Pesticide companies in India are pulling out all the stops to keep endosulfan on the market. As nations of the world prepare to gather next month to decide on a global ban of this neurotoxic pesticide, endosulfan's makers have launched an aggressive campaign to protect their product.
Our PAN partners in India are fed up, and have asked for our help in countering corporate influence on India's official stance on endosulfan. Please add your voice to the global effort to press the Indian government to put public health before industry profits.
Indian companies produce more endosulfan than any other country, and they are bombarding the media and sympathetic government officials in India with misinformation. To date, this has been a winning strategy, and the Indian government has worked hard to protect the interests of its pesticide industry at meetings of the Stockholm Convention on Persistent Organic Pollutants (also known as the global "POPs treaty").
It's a POPs treaty meeting that's coming up in late April in Geneva. Officials from 172 countries will gather to consider a recommendation from a global panel of experts that endosulfan be phased out once and for all around the world.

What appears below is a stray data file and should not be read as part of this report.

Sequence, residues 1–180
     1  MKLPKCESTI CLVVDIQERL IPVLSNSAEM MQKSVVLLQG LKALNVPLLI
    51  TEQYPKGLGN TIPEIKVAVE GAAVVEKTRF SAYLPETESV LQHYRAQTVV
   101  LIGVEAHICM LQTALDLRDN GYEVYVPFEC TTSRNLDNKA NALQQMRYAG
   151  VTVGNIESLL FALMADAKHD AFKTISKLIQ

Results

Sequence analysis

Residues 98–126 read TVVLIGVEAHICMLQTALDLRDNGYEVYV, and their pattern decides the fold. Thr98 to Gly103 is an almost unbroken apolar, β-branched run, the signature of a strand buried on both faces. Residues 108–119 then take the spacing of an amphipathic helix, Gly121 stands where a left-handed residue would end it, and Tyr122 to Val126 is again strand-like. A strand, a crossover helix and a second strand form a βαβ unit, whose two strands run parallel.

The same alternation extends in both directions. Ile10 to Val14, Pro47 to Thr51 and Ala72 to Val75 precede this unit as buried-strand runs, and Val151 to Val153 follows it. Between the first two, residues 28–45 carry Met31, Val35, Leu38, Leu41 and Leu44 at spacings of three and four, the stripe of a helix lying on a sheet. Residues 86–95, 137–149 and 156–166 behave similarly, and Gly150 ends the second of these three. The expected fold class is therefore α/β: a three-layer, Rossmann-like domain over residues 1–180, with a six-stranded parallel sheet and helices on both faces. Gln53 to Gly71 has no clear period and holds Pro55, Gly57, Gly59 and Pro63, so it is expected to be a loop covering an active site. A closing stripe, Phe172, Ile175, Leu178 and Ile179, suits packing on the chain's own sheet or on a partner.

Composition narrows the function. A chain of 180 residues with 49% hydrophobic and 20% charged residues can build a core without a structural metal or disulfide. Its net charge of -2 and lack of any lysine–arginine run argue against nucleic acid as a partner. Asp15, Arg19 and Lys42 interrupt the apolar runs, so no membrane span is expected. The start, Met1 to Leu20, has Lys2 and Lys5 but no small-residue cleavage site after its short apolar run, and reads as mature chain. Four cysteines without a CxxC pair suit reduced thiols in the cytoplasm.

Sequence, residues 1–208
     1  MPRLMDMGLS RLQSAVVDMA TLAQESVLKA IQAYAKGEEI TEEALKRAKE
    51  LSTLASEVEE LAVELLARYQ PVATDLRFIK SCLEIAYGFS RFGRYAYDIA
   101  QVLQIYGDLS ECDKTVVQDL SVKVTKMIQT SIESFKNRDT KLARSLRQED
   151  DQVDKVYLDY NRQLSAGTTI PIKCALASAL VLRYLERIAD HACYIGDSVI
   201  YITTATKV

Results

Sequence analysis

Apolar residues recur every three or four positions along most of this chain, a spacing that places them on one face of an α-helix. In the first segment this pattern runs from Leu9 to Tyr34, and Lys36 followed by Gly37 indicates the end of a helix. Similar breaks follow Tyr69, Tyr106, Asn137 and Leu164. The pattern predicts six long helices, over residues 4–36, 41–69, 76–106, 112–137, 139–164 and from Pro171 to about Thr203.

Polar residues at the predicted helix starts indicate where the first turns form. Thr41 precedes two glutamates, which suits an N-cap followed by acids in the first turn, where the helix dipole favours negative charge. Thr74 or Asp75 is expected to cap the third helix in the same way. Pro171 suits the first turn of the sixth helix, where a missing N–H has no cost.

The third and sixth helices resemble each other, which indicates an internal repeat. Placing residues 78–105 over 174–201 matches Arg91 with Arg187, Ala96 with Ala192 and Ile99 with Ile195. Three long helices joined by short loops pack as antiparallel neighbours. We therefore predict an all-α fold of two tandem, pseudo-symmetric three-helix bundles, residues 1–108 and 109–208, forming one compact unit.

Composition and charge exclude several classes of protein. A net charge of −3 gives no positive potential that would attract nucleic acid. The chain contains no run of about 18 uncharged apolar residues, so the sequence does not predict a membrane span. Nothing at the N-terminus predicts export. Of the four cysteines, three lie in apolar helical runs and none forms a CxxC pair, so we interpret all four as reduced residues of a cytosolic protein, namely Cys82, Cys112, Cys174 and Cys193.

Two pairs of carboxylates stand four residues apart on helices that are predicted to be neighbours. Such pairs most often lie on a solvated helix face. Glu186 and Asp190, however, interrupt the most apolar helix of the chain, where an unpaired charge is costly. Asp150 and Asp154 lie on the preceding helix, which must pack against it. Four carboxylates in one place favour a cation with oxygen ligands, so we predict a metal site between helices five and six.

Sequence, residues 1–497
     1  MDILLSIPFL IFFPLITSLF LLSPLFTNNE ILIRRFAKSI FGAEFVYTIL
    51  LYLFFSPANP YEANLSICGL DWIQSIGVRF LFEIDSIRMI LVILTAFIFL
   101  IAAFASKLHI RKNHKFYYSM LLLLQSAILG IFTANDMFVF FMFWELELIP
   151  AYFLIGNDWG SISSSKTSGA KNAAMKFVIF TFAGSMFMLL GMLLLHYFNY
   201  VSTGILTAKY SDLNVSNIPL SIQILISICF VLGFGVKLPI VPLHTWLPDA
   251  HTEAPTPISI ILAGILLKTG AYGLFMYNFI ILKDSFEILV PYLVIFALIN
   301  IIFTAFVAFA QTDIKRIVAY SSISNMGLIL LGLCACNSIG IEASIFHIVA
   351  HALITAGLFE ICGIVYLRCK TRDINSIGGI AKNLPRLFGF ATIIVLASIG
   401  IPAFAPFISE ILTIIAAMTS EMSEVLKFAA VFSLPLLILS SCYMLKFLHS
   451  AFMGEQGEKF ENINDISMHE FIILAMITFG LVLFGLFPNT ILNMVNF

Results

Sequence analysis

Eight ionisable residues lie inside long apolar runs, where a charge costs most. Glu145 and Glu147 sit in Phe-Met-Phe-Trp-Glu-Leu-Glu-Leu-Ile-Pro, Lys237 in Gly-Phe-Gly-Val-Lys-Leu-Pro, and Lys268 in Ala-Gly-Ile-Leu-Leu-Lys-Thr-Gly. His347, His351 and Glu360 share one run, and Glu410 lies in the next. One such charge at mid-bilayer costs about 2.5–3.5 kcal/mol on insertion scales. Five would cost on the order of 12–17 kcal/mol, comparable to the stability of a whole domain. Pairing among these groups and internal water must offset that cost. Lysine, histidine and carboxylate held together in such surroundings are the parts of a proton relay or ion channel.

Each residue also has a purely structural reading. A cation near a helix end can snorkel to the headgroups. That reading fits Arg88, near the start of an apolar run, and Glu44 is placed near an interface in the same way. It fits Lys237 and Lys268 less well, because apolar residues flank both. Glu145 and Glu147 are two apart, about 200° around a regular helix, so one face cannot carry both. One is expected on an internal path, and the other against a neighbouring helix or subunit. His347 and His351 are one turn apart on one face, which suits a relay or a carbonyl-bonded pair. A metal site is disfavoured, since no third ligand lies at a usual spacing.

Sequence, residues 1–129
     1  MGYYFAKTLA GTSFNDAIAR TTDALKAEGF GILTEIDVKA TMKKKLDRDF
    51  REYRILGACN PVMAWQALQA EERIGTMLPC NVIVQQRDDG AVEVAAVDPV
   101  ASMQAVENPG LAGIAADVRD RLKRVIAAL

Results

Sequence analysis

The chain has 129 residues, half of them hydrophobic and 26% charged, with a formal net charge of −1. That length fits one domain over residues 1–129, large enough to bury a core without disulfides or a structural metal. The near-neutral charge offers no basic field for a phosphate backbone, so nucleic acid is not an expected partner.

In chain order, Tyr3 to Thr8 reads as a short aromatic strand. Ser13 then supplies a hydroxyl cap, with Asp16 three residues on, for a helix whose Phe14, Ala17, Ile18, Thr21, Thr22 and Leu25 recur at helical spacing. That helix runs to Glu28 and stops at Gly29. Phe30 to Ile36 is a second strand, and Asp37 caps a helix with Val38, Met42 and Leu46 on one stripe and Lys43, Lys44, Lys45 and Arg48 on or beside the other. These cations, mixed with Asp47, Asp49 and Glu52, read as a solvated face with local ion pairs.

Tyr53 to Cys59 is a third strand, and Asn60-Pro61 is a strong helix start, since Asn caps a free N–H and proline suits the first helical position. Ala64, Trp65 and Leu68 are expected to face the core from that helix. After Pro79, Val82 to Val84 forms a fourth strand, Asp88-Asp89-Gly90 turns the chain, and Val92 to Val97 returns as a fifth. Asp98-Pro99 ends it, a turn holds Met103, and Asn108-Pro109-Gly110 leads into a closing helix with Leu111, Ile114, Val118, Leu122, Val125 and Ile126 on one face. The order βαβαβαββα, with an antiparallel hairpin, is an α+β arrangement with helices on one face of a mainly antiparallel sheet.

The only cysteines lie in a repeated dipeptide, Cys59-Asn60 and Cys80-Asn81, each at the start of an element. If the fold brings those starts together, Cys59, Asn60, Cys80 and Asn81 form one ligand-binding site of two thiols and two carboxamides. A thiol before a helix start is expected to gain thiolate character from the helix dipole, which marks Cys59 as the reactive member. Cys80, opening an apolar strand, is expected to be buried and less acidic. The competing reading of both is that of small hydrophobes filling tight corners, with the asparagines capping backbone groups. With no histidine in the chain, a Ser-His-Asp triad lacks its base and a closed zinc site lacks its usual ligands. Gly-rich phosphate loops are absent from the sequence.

From PAN's perspective, it's high time. Endosulfan has already been banned or slated for phaseout in dozens of countries (including the U.S.) that have recognized the chemical’s devastating harms to people and the environment. This chemical is linked to seizures and deaths; long-term effects of low-dose exposure can include autism, delayed puberty and birth defects.
Ironically, on-the-ground evidence of health effects is particularly strong in India, where two states have already banned use of the chemical.
Please join this global effort» Our partners on the ground in India want to collect 500,000 signatures to deliver to Indian officials by the end of this month, urging them to support a global phaseout. Thank you for joining PAN International in this important — and we hope final — push to end endosulfan.